Employer fears that the 50p tax rate for high earners would prevent them attracting senior talent into the UK appear unfounded, according to research from KPMG.
The firm’s survey of 50 large companies showed a dramatic change in perception of the tax’s impact with only 13 per cent of employers saying it had hindered UK recruitment since it came into force in April 2010.
This is a huge change in sentiment from the same survey conducted in 2009, which found that 80 per cent of respondents thought the tax would deter senior executives looking for salaries of Ã‚Â£150,000 and above.
However, the KPMG findings suggested that other reasons were bolstering employers’ ability to attract or retain talent.
One tax director from a major travel and leisure group also told the survey: “A harsher economic reality makes people swallow more than they would otherwise. The lack of mobility in the job market also means that people are more likely to accept a higher rate. It doesn’t mean they are embracing it, but they are putting up with it for now.”
The survey report said: “Our respondents indicate that the impact of the 50 per cent tax rate on attracting senior talent has been less than thought in our previous research. However, senior executives still feel it damages the UK in other less direct ways, in combination with other elements of the tax regime. The higher rate of tax is seen as a stain on the UK’s image in difficult economic times.”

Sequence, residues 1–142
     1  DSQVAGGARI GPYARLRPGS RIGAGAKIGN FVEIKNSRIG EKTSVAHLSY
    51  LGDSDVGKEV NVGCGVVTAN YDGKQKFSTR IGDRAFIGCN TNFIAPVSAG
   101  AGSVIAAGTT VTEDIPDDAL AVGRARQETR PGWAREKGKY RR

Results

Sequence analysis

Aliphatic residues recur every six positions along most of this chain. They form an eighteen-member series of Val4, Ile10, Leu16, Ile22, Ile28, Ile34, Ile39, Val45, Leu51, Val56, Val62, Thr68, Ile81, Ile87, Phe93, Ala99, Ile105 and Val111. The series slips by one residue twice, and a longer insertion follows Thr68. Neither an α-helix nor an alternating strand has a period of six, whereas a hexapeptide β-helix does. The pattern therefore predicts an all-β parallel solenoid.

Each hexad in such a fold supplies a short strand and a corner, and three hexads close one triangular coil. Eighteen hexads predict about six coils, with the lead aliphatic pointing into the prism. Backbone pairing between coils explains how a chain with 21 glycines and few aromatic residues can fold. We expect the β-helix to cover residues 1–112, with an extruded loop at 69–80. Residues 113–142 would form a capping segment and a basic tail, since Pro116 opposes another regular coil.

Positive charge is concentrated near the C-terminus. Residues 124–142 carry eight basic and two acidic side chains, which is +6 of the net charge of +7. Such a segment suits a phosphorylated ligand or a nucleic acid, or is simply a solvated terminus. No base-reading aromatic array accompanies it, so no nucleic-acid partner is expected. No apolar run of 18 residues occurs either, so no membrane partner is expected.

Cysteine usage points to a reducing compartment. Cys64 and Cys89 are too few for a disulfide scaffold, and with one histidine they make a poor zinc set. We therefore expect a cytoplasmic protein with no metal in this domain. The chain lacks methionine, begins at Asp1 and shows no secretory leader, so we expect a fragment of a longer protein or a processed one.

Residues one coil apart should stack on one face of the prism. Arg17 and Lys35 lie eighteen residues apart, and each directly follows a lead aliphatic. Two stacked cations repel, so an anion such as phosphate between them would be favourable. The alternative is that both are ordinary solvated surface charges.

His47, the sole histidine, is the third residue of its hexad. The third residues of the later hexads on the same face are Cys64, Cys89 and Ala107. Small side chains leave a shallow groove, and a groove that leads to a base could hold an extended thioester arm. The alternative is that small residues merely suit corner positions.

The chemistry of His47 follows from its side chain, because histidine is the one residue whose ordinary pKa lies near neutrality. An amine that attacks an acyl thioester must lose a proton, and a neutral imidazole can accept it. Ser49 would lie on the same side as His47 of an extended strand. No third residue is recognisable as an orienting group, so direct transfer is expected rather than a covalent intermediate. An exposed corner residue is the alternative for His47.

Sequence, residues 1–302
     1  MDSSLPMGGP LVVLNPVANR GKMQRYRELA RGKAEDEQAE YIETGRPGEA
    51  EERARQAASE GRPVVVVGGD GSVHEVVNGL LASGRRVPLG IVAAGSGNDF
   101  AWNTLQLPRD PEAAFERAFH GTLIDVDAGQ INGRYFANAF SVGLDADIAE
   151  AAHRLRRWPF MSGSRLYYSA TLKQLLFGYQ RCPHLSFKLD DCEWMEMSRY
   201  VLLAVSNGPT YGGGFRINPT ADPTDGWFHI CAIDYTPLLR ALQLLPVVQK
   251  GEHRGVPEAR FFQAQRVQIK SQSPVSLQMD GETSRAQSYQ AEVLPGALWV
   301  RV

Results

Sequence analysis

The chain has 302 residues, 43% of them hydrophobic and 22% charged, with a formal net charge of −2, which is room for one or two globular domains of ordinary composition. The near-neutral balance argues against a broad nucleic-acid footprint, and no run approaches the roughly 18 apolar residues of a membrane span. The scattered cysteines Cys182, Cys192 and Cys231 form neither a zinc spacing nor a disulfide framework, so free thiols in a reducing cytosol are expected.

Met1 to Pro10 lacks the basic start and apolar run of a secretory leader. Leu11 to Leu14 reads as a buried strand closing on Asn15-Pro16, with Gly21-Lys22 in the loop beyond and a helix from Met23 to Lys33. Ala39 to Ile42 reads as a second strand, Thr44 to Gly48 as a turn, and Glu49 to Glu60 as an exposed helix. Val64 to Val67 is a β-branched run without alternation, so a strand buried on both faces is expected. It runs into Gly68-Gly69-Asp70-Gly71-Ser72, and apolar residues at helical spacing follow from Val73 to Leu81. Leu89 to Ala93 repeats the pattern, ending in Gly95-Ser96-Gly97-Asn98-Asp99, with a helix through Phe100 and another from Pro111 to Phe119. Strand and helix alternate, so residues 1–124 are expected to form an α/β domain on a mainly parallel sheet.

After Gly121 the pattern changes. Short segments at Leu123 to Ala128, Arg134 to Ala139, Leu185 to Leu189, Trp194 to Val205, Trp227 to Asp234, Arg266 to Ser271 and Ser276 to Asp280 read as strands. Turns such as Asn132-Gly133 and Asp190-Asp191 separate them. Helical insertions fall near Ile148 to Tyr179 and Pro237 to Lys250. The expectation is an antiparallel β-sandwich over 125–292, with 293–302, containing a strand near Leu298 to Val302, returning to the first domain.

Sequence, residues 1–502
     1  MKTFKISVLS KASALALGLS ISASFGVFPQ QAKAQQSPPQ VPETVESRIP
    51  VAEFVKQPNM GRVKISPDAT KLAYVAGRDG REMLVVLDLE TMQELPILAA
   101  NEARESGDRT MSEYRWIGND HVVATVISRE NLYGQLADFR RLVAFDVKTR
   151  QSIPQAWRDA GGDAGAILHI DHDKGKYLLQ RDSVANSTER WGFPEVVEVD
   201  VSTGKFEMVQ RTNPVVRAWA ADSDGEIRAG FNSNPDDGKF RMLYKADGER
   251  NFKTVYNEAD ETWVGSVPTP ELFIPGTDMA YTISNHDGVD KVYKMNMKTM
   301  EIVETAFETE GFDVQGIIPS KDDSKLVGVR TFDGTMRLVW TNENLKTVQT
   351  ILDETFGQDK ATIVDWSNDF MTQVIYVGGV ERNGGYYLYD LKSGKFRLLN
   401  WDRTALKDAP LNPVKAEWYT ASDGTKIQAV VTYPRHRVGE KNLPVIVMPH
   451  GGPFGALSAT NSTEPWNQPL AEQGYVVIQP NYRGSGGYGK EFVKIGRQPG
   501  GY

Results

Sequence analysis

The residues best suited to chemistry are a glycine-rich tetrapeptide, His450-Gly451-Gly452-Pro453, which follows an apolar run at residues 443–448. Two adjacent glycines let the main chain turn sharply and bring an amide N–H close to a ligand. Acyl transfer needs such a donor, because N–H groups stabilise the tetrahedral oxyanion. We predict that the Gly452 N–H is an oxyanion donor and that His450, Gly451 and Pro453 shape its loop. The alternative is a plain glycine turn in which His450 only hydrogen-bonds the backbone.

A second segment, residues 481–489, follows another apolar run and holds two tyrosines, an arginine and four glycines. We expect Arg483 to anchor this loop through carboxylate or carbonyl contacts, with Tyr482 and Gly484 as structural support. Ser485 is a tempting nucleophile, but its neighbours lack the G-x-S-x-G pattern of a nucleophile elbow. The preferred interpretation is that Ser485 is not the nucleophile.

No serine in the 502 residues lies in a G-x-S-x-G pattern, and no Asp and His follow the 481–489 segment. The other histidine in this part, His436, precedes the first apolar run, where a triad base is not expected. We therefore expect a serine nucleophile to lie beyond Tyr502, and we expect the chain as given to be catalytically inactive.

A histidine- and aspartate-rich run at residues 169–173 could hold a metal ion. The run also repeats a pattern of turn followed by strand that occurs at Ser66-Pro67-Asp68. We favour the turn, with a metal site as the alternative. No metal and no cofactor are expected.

Chris Morgan, head of tax policy at KPMG in the UK, said: “Business is looking for reassurance that this top rate will indeed be only temporary and perhaps the chancellor will take the opportunity to do so in next week’s autumn statement.”
However, any move to abolish the 50p rate would raise further concerns about the pay inequality between the highest and lowest paid. This gap continued to widen between 2010 and 2011, according to the Office for National Statistics this week.
Data showed that wages for people in the highest paid 10 per cent of the UK rose by 1.8 per cent between 2010 and 2011, while pay for people in the lowest paid 10 per cent rose by only 0.1 per cent.